This is an argument so absurdly twisted back on itself that it almost lies outside the bounds of basic written language to debunk it. (At this moment, I have an image of comedian Lewis Black shivering with rage, screaming, “If it weren’t for my horse, I wouldn’t have spent that year in college!” But, honestly, that statement contains far more logic than McCain’s.)

Let’s put it this way: If all of the wars’ “costs” have been “financed with deficit spending” (“costs” “financed” by “spending”? oh, never mind) and you somehow miraculously end the wars (even though you have no intent to do so, and no plan as to how if you did), then you don’t actually get money back—you just stop adding to the deficit!

Now I guess you could call that deficit reduction of a sort—stopping the making it larger—if those expenditures had actually ever been counted against the revenue stream in the annual budget. . . except, of course, they never were. The Bush Administration has financed its folly via supplementals—which, at the president’s insistence, have never been included in the calculations of the annual federal budget.

And who voted for those supplementals every single time? Who never so much as made a peep or raised a finger in protest? Who went along with the Bush Administration’s irresponsible and dishonest ploy every step of the way and, even today, continues to tow the Bush line on the Iraq fiasco?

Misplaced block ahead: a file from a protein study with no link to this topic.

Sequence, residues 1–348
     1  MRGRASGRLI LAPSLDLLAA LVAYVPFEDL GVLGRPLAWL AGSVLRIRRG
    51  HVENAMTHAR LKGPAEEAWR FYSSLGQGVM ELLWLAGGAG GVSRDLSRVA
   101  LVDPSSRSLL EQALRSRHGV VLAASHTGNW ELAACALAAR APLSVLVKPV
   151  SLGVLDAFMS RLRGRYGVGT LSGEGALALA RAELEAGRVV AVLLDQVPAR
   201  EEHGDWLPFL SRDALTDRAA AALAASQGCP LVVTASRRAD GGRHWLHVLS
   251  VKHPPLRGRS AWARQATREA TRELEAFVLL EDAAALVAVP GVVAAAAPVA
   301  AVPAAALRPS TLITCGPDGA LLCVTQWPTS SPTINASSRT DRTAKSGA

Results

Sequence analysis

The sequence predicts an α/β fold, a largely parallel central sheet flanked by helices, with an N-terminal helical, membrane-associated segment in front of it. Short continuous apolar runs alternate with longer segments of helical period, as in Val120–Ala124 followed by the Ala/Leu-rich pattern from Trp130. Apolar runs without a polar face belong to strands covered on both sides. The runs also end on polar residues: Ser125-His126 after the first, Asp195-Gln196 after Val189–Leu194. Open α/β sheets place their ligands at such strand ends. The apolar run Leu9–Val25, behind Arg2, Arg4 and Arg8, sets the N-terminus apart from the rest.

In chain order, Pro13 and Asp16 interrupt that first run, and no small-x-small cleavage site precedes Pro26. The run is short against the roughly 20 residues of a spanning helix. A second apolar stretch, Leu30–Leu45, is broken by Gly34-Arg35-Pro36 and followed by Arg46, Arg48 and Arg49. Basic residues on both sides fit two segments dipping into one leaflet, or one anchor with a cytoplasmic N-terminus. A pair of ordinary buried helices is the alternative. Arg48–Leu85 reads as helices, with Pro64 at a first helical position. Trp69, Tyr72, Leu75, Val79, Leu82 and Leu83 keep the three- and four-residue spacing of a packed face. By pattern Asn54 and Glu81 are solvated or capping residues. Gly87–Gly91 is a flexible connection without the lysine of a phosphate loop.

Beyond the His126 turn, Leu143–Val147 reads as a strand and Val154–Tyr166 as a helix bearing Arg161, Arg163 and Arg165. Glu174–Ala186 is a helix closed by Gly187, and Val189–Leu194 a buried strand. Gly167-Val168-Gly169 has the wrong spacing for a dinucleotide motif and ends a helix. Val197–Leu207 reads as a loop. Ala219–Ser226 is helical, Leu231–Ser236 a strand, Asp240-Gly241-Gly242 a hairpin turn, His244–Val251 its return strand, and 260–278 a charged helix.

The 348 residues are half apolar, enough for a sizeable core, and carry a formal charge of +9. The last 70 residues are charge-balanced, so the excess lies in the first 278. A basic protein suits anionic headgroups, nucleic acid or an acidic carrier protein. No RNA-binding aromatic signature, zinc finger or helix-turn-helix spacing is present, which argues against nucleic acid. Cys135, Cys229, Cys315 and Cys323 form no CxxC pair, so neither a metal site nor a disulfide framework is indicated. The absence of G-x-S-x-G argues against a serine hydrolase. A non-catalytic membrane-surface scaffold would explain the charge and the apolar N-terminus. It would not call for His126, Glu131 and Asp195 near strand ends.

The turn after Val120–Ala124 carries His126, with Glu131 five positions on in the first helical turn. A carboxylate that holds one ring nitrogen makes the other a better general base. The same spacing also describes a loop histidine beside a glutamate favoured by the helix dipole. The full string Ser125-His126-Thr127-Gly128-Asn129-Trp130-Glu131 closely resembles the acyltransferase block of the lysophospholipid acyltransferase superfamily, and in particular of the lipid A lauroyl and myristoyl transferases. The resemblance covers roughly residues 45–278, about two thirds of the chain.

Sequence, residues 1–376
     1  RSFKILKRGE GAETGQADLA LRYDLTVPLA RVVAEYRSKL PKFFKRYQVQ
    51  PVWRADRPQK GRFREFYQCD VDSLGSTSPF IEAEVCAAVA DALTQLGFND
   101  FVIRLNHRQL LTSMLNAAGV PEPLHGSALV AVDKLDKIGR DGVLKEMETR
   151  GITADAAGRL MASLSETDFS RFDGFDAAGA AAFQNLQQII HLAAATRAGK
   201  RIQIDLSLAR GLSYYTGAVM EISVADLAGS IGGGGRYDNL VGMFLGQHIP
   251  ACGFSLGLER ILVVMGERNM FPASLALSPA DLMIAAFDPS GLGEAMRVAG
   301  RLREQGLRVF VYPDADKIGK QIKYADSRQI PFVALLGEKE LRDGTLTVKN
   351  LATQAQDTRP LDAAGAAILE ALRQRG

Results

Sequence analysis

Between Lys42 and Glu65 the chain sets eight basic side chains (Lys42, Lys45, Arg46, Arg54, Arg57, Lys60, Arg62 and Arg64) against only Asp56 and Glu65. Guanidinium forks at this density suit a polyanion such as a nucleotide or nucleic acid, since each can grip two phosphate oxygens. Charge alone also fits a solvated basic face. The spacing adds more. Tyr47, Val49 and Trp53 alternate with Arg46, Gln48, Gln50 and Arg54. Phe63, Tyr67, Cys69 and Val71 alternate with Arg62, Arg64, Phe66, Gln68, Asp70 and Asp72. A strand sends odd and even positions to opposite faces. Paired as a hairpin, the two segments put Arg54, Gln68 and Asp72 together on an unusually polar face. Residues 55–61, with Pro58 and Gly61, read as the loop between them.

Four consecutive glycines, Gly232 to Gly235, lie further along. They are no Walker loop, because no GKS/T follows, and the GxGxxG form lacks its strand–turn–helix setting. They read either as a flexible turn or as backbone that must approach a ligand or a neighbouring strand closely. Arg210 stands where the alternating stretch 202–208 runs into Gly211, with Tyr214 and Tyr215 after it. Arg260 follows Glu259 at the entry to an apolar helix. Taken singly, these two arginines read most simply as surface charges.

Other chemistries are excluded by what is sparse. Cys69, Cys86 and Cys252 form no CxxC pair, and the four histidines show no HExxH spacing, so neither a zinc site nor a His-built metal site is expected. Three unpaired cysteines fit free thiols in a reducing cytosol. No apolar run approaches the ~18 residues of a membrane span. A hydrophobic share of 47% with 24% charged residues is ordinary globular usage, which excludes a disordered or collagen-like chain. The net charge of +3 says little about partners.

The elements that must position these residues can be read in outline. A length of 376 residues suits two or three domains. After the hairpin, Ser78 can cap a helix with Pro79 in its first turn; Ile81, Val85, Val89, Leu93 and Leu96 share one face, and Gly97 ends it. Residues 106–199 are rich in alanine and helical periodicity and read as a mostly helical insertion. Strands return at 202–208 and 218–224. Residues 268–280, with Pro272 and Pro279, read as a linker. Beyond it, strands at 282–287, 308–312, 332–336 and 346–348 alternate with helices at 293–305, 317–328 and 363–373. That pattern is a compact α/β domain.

For the sake of the rhetorical device and “the google,” I will tell you. The man who has supported the Bush war and the Bush budget the last five years, and has pledged to carry on the occupation with no new plan to end it and no meaningful pledge to honestly finance it, is none other than long-time Republican Senator and presidential wannabe John McCain.

And you know, as comical as that first plank up there is, the next paragraph is perhaps just as stupid:

A one-year spending pause. Freeze non-defense, non-veterans discretionary spending for a year and use those savings for deficit reduction. A one-year pause in the growth of discretionary spending will be imposed to allow for a comprehensive review of all spending programs. After the completion of a comprehensive review of all programs, projects and activities of the federal government, we will propose a plan to modernize, streamline, consolidate, reprioritize and, where needed, terminate individual programs.

A pause? You mean like the pause we’re supposedly enjoying in Iraq these days? Will the jobless rate, inflation, the crumbling infrastructure, Medicare costs, or a host of other national priorities too long ignored pause while you waste the first year of your presidency (and all of our time) figuring out what you are going to do?